19.2 Number of observations

To see the number of observation in df you can apply “count” method.

df.count()
Output:
res1: Long = 550068

 

19.3 Print the columns datatype

You can use “printSchema” method on df. Let’s print the schema of df.

df.printSchema()
Output:
root
 |-- User_ID: integer (nullable = true)
 |-- Product_ID: string (nullable = true)
 |-- Gender: string (nullable = true)
 |-- Age: string (nullable = true)
 |-- Occupation: integer (nullable = true)
 |-- City_Category: string (nullable = true)
 |-- Stay_In_Current_City_Years: string (nullable = true)
 |-- Marital_Status: integer (nullable = true)
 |-- Product_Category_1: integer (nullable = true)
 |-- Product_Category_2: integer (nullable = true)
 |-- Product_Category_3: integer (nullable = true)
 |-- Purchase: integer (nullable = true)

 

19.4 Show first n rows

You can use “show” method on DataFrame. Let’s print the first 2 rows of df.

df.show(2)
Output:
+-------+----------+------+----+----------+-------------+--------------------------+--------------+------------------+------------------+------------------+--------+
|User_ID|Product_ID|Gender| Age|Occupation|City_Category|Stay_In_Current_City_Years|Marital_Status|Product_Category_1|Product_Category_2|Product_Category_3|Purchase|
+-------+----------+------+----+----------+-------------+--------------------------+--------------+------------------+------------------+------------------+--------+
|1000001| P00069042| F|0-17| 10| A| 2| 0| 3| null| null| 8370|
|1000001| P00248942| F|0-17| 10| A| 2| 0| 1| 6| 14| 15200|
+-------+----------+------+----+----------+-------------+--------------------------+--------------+------------------+------------------+------------------+--------+
only showing top 2 rows

 

19.5 Subsetting or select columns

To select columns you can use “select” method. Let’s apply select on df for “Age” columns.

df.select("Age").show(10)
Output:
+-----+
| Age|
+-----+
| 0-17|
| 0-17|
| 0-17|
| 0-17|
| 55+|
|26-35|
|46-50|
|46-50|
|46-50|
|26-35|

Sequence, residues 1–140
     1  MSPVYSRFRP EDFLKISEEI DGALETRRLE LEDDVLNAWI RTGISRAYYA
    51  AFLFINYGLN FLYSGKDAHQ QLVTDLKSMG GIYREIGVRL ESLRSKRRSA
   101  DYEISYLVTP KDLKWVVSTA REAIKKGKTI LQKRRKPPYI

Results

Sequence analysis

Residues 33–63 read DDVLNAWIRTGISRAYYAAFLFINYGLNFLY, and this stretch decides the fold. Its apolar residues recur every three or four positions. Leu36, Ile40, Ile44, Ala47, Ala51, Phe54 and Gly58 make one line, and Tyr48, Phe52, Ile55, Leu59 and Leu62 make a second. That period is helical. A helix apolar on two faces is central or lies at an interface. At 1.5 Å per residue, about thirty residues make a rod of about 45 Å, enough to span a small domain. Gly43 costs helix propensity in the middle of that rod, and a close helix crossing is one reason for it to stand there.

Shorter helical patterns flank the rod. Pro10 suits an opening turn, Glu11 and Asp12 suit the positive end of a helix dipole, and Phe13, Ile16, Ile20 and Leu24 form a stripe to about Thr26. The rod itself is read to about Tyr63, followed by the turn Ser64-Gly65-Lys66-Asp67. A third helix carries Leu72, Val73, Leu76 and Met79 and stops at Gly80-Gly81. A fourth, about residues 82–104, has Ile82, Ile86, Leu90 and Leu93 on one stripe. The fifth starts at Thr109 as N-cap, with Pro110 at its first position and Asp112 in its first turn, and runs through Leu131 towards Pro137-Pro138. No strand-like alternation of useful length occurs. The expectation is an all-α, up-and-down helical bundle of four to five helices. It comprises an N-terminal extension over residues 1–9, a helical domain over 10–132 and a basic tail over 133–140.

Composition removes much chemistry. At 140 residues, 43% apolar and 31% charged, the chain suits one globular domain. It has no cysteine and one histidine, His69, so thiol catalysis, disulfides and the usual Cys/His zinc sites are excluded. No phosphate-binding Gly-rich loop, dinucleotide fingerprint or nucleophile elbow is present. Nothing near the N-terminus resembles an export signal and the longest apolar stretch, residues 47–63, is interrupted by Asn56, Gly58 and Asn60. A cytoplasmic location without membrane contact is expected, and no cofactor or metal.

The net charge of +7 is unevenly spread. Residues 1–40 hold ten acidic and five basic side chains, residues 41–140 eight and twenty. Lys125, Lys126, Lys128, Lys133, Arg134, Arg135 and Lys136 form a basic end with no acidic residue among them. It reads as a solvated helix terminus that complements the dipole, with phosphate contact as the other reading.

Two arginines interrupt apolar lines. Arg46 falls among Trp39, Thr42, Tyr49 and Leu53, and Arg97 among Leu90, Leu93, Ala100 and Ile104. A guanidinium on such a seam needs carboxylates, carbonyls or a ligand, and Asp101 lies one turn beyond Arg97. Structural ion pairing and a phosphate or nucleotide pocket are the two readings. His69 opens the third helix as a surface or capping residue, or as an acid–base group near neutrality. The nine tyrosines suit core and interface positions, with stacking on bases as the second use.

+-----+
only showing top 10 rows

 

19.6 Filter rows

To filter the rows you can use “filter” method. Let’s apply filter on “Purchase” column of df and get the purchase which is greater than 10000.

df.filter(df("Purchase") >= 10000).select("Purchase").show(10)
+--------+
|Purchase|
+--------+
| 15200|
| 15227|
| 19215|
| 15854|
| 15686|
| 15665|
| 13055|
| 11788|
| 19614|
| 11927|
+--------+
only showing top 10 rows

 

19.7 Group DataFrame

To groupby columns, you can use groupBy method on DataFrame. Let’s see the distribution on “Age” columns in df.

df.groupBy("Age").count().show()
Output:
+-----+------+ 
| Age| count|
+-----+------+
|51-55| 38501|
|46-50| 45701|
| 0-17| 15102|
|36-45|110013|
|26-35|219587|
| 55+| 21504|
|18-25| 99660|
+-----+------+

 

19.8 Apply SQL queries on DataFrame

To apply queries on DataFrame You need to register DataFrame(df) as table. Let’s first register df as temporary table called (B_friday).

df.registerTempTable("B_friday")

Now you can apply SQL queries on “B_friday” table using sqlContext.sql. Lets select columns “Age” from the “B_friday” using SQL statement.

sqlContext.sql("select Age from B_friday").show(5)
+----+
| Age|
+----+
|0-17|
|0-17|
|0-17|
|0-17|
| 55+|
+----+

 

20. Building a machine learning model

If you have come this far, you are in for a treat! I’ll complete this tutorial by building a machine learning model.

I will use only three dependent features and the independent variable in df1. Let’s create a DataFrame df1 which has only 4 columns (3 dependent and 1 target).